Black or green, either way you cut your risk of stroking out of life. Don't want to have half your face drooping when the nerves that instruct it die? Don't want to become a drooler or become confined to a wheelchair? Really you should think about these gruesome outcomes and change your behavior accordingly.
Drinking at least three cups of green or black tea a day can significantly reduce the risk of stroke, a new UCLA study has found. And the more you drink, the better your odds of staving off a stroke.
The study results, published in the online edition of Stroke: Journal of the American Heart Association, were presented Feb. 19 at the American Heart Association's annual International Stroke Conference in San Diego, Calif.
The UCLA researchers conducted an evidence-based review of all human observational studies on stroke and tea consumption found in the PubMed and Web of Science archives. They found nine studies describing 4,378 strokes among nearly 195,000 individuals, according to lead author Lenore Arab, a professor of medicine in the division of general internal medicine and health services research at the David Geffen School of Medicine at UCLA.
"What we saw was that there was a consistency of effect of appreciable magnitude," said Arab, who is also a professor of biological chemistry. "By drinking three cups of tea a day, the risk of a stroke was reduced by 21 percent. It didn't matter if it was green or black tea."
And extrapolating from the data, the effect appears to be linear, Arab said. For instance, if one drinks three cups a day, the risk falls by 21 percent; follow that with another three cups and the risk drops another 21 percent.
This effect was found in tea made from the plant Camellia sinensis, not from herbal teas.
What I want to know: If one eats a lot of berries and other fruits does one get equivalent compounds (e.g. flavonoids) from them that provide the same benefits?
But after considering factors such as cigarette and alcohol consumption, van Dam and his colleagues found that healthy women who consumed two to three cups of caffeinated coffee a day had, on average, a 19 percent lower risk for any kind of stroke than did women who drank less than one cup a month. Drinking four or more cups a day lowered risk by 20 percent.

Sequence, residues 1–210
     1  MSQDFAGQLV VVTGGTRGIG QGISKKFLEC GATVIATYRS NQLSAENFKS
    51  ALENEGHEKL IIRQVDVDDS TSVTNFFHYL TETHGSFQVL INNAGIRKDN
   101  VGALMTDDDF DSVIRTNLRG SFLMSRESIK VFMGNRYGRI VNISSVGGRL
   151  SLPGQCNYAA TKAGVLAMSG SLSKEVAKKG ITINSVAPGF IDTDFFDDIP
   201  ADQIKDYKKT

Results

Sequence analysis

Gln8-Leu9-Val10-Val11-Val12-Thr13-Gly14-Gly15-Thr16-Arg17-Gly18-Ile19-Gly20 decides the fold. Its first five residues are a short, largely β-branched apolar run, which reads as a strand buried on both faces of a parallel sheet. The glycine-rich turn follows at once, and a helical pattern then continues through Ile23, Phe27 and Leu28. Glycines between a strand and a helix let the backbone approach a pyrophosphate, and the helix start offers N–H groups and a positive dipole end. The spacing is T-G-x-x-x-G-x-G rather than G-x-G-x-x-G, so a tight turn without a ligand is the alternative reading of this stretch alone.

Women who drank five to seven cups of coffee a week were 12 percent less likely to have a stroke than were those who downed just one cup a month, the study found.
When the results were stratified by smoking status, women who had never smoked or who had quit and drank four cups of coffee or more had a 43% reduced risk of stroke (RR 0.57, 95% CI 0.39 to 0.84).
The study involved 20,040 men and women aged 40-79 years old who were taking part in the European Prospective Investigation into Cancer Study (EPIC). Between 1993 and 1997, participants completed a detailed health and lifestyle questionnaire and underwent a thorough health examination by trained nurses.
Participants scored one point for each of four healthy behaviours: current non-smoking, physically not inactive, moderate alcohol intake (1-14 units per week) and blood vitamin C levels of 50 µmol/l or more, indicating fruit and vegetable intake of at least five servings a day.
An individual could therefore have a total health behaviour score ranging from zero to four, with a higher score indicating more protective behaviour.
Participants were then followed for an average of 11 and a half years. Strokes were recorded using death certificates and hospital discharge data.
There were a total of 599 incident strokes during the follow-up period. After adjusting for other factors that may have affected the results, the risk of stroke was 2.3 times greater in those with a score of zero compared to those with a score of four.
A significantly higher percentage of women scored four compared to men.
The risk of stroke increased in linear fashion with every point decrease in health behaviour score. So, for example, those with a score of two were one and a half (1.58) times more likely to have a stroke than those with a score of four, while those with a score of just one were just over twice (2.18) as likely to have a stroke.
|Share |||Randall Parker, 2009 February 22 02:27 PM Aging Diet Heart Studies|